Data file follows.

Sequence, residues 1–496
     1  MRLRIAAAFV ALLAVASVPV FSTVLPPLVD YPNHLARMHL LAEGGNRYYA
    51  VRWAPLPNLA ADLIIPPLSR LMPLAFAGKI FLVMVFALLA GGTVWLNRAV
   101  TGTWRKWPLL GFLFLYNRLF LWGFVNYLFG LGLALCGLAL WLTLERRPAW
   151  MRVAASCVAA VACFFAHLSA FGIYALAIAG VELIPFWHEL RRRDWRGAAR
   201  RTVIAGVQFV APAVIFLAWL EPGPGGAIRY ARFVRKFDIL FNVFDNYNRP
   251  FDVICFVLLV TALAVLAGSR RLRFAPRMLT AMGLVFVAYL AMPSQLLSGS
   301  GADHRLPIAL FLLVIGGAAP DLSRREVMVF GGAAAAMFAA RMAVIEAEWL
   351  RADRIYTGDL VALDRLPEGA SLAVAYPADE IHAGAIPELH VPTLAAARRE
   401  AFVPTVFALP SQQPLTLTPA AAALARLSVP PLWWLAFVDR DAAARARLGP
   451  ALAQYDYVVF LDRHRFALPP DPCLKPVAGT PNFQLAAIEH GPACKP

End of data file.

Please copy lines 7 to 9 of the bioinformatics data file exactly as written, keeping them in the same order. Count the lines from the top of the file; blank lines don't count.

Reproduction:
   251  FDVICFVLLV TALAVLAGSR RLRFAPRMLT AMGLVFVAYL AMPSQLLSGS
   301  GADHRLPIAL FLLVIGGAAP DLSRREVMVF GGAAAAMFAA RMAVIEAEWL
   351  RADRIYTGDL VALDRLPEGA SLAVAYPADE IHAGAIPELH VPTLAAARRE